By, Isam Itson III
On St. Patrick’s Day, 1989, at the age of 68, my father died from complications due to early onset Alzheimer’s disease. I was glad he was no longer suffering, but I had that feeling you have when your ears are stopped up and you are walking through a crowd of people. Everyone sounds muffled and distant, even though they are standing right in front of you. I had to fight to get out of bed everyday. Two years later, as I looked forward to graduating from college, I was overwhelmed by my need for my dad’s guidance. I was looking ahead into the unknown and I had no idea what I would do after leaving school. I hated God for depriving me of my father’s love and wisdom and leaving me to fend for myself. I felt so inadequate and hopeless as I cried out to God in my anger and despair. I clearly heard God’s voice in my heart, “Isam, I am your father. I show you how to live.” In that moment my eyes were opened and the weight dropped off of my shoulders. I knew that I was not alone and that God would guide me through the dark unknown by the light of his word and the presence of his Spirit.
From that day forward I began reading the Bible primarily to get to know God. I wanted to know my heavenly father as well as I knew my earthly father. I wanted to know what God was like. His personality and character. Because we are made in God’s image. God created us to be like him. So we have to know what he is like. We have to get to know God, if we are going to truly know ourselves. And the first thing we learn about God’s personality is that he is not afraid of the dark. Genesis 1:1-2 says, “In the beginning, God created the heavens and the earth. 2 The earth was without form and void, and darkness was over the face of the deep. And the Spirit of God was hovering over the face of the waters.”
That phrase, darkness was over the face of the deep, is a great description of how we feel when we are overwhelmed by loss or catastrophe. When we are in the dark we can’t orient ourselves or see the way ahead. In deep water your feet can’t touch the bottom and you can only swim or tread water for so long. You know you’re dead. It’s just a matter of time. I cannot imagine a more desperate situation than being alone in the deepest dark, adrift in the middle of a stormy sea. How often have you ever felt alone or helpless with no idea of what to do next? That’s the feeling evoked by the image of being in the dark, deep tumultuous waters of the open sea. If you have ever lost a job, received a devastating medical diagnosis, suffered the death of a loved one, or had to flee your home because of war, famine, or disaster, you know exactly what it means to feel helpless and hopeless in the dark. It is only a matter of time before your strength gives out. Disaster is inevitable.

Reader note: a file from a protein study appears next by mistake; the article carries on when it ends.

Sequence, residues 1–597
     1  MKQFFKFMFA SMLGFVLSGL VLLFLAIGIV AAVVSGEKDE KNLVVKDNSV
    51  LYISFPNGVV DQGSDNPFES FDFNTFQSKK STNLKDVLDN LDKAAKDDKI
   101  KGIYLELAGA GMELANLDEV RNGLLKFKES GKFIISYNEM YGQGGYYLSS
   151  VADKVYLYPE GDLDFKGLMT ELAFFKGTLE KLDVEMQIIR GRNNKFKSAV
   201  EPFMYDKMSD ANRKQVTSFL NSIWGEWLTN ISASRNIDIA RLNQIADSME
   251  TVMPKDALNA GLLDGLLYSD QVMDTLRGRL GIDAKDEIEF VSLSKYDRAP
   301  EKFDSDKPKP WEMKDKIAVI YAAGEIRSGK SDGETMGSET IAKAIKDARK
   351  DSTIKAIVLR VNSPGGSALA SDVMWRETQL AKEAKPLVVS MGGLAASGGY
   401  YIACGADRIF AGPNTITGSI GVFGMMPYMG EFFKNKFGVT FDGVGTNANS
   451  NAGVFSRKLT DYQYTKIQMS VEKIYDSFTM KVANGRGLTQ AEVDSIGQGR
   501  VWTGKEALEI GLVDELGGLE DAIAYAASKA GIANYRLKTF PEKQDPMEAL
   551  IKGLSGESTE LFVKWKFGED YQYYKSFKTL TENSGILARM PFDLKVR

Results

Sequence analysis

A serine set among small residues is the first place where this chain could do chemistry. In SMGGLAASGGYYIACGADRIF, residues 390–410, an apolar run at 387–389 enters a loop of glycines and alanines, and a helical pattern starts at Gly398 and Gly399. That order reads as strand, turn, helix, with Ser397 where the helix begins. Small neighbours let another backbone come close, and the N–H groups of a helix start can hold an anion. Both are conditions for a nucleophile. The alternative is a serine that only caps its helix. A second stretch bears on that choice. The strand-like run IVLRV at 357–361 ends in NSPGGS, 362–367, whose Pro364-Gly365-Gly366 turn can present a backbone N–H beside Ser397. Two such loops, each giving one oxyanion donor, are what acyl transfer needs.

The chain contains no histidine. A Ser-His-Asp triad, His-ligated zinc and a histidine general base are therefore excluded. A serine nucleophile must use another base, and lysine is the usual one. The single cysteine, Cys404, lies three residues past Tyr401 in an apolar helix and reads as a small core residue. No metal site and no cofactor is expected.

Our hope is found in the following sentence, “And the Spirit of God was hovering over the face of the waters.” Yes, we are lost in the dark, treading deep waters, but we are not alone. God is with us. He is hovering over us in our dark despair. That word hovering can also be translated as brooding, or moving gently. It can also mean to cherish. It is often used of birds gathering their young beneath them for protection and comfort. When we find ourselves in the dark and endangered, we are not alone. God himself is with us in our darkest times gathering us beneath the protection of his wise and powerful presence.
When Jesus was about to go to the cross he told his disciples that the Father would send them another comforter, the Spirit of truth, or the Holy Spirit. In John 14:15-17, Jesus encouraged them with the fact that the Holy Spirit would not just be with them, but he would actually live in them. No matter where we are or what we go through, God is there with us by virtue of his Holy Spirit who lives in us. Through our darkest days and longest nights, be at peace, God will not abandon us. Take courage. God is with you, and he is not afraid of the dark. He is getting ready to do something amazing.